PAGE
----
[R-meta] Interpreting variance components in rma.mv
Yuhang Hu
yh342 @end|ng |rom n@u@edu
Sun Aug 21 09:23:48 CEST 2022
Dear James,
I appreciate your confirmation. If my models becomes (which I'm considering
at the moment):
rma.mv(yi ~ 0 + cat_mod * time + covariates, random = ~ 1 | study/effect)
and, assuming my variance components are the same (total sd = 0.699), and
At time 0, the estimated means for cat_mod are: cat1: 0.12; cat2: 0.13;
cat3: 0.13
At time 1, the estimated means for cat_mod are: cat1: 0.11; cat2: 0.17;
cat3: 0.18
Then, I will end up using that total sd of 0.699 for the interpretation of
both time 0 mean effects and time 1 mean effects. But is it appropriate to
assume that true effects' dispersion at time 0 and time 1 is exactly the
same (equality of variances across time points)?
Thank you for your time.
Yuhang
On Sat, Aug 20, 2022 at 7:32 AM James Pustejovsky <jepusto using gmail.com> wrote:
> Hi Yuhang,
>
> Your calculations look correct to me and I think this is a useful aid for
> interpreting the results of a multi-level meta-regression. That said, I can
> see one potential critique of your calculations. The probabilities you've
> calculated treat the model parameter estimates (the average ES and variance
> components) as fixed, known values. But of course, they're actually
> *estimates* with some degree of uncertainty attached to them. It might be
> good to acknowledge this issue by qualifying your statement as "Based on
> these model parameter estimates..." or "Treating these model parameter
> estimates as known values, the probability that effects with ..."
>
> If you want to better account for the uncertainty in the model parameter
> estimates, you could try bootstrapping the probability calculation, similar
> to what Mathur and Vanderweele propose in this paper:
> Mathur, M. B., & VanderWeele, T. J. (2019). New metrics for meta‐analyses
> of heterogeneous effects. *Statistics in Medicine*, *38*(8), 1336-1342.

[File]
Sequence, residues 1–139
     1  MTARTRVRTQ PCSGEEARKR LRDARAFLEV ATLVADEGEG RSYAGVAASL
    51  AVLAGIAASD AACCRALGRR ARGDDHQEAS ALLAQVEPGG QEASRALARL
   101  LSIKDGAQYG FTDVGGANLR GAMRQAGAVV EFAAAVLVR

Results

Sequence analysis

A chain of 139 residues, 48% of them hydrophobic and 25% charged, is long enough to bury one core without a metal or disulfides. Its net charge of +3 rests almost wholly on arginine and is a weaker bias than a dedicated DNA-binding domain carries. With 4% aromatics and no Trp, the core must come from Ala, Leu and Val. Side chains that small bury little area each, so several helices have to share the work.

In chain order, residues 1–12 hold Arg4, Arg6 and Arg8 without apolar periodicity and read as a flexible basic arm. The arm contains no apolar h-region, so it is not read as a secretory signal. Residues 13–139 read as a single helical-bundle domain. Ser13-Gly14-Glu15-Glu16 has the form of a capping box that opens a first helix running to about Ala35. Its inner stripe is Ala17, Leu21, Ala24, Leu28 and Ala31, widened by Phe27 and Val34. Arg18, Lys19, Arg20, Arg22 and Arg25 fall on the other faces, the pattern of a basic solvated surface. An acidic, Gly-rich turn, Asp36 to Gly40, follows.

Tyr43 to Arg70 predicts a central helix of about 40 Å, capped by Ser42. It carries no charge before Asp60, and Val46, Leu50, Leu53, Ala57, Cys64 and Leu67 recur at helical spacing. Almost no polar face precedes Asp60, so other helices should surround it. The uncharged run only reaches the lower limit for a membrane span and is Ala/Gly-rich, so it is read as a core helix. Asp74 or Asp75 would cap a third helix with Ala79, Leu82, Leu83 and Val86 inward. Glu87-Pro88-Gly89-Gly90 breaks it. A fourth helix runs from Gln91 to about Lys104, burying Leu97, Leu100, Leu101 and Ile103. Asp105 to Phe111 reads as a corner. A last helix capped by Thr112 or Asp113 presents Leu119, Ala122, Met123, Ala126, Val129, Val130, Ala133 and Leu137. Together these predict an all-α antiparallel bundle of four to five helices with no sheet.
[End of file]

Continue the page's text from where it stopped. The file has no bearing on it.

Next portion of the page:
> For a multi-level meta-regression, you would need to do a cluster-level
> bootstrap, I think. Another alternative is to move to a fully Bayesian
> meta-regression, which would allow for fully integrating the uncertainty
> from the model parameter estimates into the probability calculations by
> integrating over the joint posterior.
>
> Neither of these proposals is trivial, nor are they something that I would
> require if I were reviewing a manuscript with probability calculations like
> yours. Like I said, I think they're very helpful as is, especially if their
> limitations can be qualified appropriately.
>
> James
>
> On Fri, Aug 19, 2022 at 11:20 AM Yuhang Hu <yh342 using nau.edu> wrote:
>
>> Hello All,
>>
>> I have a 3-level meta-regression model with a categorical moderator (3
>> levels) plus some covariates fit as:
>>
>> rma.mv(yi ~ 0 + cat_mod + covariates, random = ~ 1 | study/effect)
>>
>> The means for cat_mod are estimated as: cat1: .27; cat2 = .33, cat3 = .37
>>
>> The between-study standard deviation is .548, the within-study standard
>> deviation is .434, and the total variation in sd unit is .699.
>>
>> ***Question: I wonder whether I can say the following or not?***
>>
>> "The probability that effects with cat1 characteristic are 0 or larger is:
>> pnorm(0,.27, .699, lower.tail = FALSE)
>> > [1] 0.650
>>
>> with cat2 characteristic are 0 or larger is:
>> pnorm(0,.33, .699, lower.tail = FALSE)
>> > [1] 0.68
>>
>> with cat3 characteristic are 0 or larger is:
>> pnorm(0,.37, .699, lower.tail = FALSE)
>> > [1] 0.70
>> "
>> Thanks,
>> Yuhang
>>
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>>
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--
Yuhang Hu (She/Her/Hers)
Ph.D. Student in Applied Linguistics
Department of English
Northern Arizona University
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